So I am still going through my cracker-jack box of computer files and I came across this little story I did for a flash-fiction assignment a billion years ago. The general consensus then was that it was ‘weird’. I remember that it was the middle of the night when I wrote it (at a 24 hr Coffee Shop that sadly is no longer). I have not changed a single word for this posting – I am sitting outside of a grocery store, plugged into their wall, borrowing their wifi and it is coming up on midnight.
So, kamikaze publishing – I think that is a ‘new’ thing I will add to this blog. Wadda ya think?
NUMBER 25 BUS
She stepped off the curb, the bus was so close, there was no way it could miss her. Just like that, she was gone. She floated in darkness, aware of her mind and nothing else. She felt warm, that came later. She didn’t panic, not at first, she just hung there, suspended. Number twenty-five, the bus was number twenty-five, she didn’t know why she knew that, or why it was important.
The day had started off normal enough, nothing special. She had dressed for work, caught the train downtown and stopped for coffee as she always did. Her boss was congenial, even if he was a bit of an ass. She chatted with the women, this one had a new grandson, that one was getting a divorce. She paid her bills during her lunch hour, contemplated getting a manicure after work, booked a weekend at a ski resort.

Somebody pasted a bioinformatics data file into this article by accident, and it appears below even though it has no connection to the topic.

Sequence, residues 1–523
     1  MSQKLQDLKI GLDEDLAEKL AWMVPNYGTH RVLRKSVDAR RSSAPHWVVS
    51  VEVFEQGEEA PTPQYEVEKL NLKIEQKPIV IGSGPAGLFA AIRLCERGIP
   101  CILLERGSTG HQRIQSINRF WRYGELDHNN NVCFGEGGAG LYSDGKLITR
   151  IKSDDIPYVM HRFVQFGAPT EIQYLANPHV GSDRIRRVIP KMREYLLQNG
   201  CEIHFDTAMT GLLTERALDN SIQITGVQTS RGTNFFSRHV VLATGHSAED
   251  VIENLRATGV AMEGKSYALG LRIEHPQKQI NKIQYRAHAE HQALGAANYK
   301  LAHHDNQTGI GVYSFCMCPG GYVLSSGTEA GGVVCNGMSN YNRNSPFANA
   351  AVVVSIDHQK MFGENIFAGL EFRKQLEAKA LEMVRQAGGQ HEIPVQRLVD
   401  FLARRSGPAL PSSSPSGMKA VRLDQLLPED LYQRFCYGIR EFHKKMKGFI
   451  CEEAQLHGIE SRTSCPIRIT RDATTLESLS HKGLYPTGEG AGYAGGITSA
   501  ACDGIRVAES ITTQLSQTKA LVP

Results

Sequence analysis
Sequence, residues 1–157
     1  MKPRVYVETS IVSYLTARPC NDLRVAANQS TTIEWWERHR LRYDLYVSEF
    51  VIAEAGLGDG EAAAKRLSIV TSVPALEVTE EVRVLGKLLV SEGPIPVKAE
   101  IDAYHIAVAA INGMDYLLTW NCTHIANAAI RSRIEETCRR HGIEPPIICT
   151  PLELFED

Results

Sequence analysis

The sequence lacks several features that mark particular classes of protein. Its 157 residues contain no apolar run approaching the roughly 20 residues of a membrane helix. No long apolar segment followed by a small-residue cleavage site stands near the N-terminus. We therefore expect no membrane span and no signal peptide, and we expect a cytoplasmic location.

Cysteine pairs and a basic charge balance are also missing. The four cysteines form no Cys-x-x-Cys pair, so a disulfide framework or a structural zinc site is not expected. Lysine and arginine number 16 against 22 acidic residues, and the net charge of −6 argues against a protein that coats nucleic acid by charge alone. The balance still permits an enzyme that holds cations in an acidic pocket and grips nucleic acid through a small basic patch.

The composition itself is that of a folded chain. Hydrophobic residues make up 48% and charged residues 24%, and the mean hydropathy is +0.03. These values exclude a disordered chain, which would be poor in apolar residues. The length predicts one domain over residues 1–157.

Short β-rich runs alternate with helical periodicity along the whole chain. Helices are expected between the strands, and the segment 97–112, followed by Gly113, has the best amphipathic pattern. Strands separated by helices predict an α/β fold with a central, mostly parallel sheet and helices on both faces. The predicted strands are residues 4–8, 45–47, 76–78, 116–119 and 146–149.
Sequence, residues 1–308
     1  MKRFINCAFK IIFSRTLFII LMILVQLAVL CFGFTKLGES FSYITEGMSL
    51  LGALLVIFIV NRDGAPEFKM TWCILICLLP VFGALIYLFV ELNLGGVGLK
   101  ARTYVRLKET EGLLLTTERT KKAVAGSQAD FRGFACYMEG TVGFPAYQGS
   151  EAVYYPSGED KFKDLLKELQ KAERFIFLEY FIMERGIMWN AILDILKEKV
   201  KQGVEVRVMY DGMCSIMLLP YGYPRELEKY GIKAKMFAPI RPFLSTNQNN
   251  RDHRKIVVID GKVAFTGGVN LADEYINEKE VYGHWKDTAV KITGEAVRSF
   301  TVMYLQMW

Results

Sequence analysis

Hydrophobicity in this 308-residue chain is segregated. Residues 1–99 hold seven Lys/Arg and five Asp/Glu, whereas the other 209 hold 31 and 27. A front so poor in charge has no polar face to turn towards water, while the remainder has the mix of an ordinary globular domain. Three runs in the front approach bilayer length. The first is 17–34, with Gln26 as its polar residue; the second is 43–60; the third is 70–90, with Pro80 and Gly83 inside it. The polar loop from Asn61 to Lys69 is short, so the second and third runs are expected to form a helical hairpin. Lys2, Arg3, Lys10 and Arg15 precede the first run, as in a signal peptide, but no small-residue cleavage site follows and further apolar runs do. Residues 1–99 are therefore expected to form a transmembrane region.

Her boss left early, around three. He said it was for a meeting, but the HR lady had seemed a little too friendly when she walked out of his office at two-thirty. She called her mother and relived another conversation, the same one they had every week since she had dropped out of college. She hung up promising to call again the next week.
She turned off her computer, put on her coat. It was red and had faux fur around the collar. She had been happy when she found it at the Goodwill the winter before last. On her way out, she stopped to flirt with the lawyer in the next suite. He was married, but fun to chat too.
She had dinner alone at an Olive Garden, it was located in a strange place. Crammed into the corner amongst office buildings, no other stores or restaurants nearby. They had a good house white, she had two glasses with dinner. The sun hadn’t set when she left, the streets were not as busy as they would be had she waited another hour.
That’s when she saw the bus, she don’t know why she decided to step out. It was just something to do. She didn’t think of death, or injury. She did not think of heaven or hell. She just stepped out. The bus number was twenty five, the same age as she was, odd.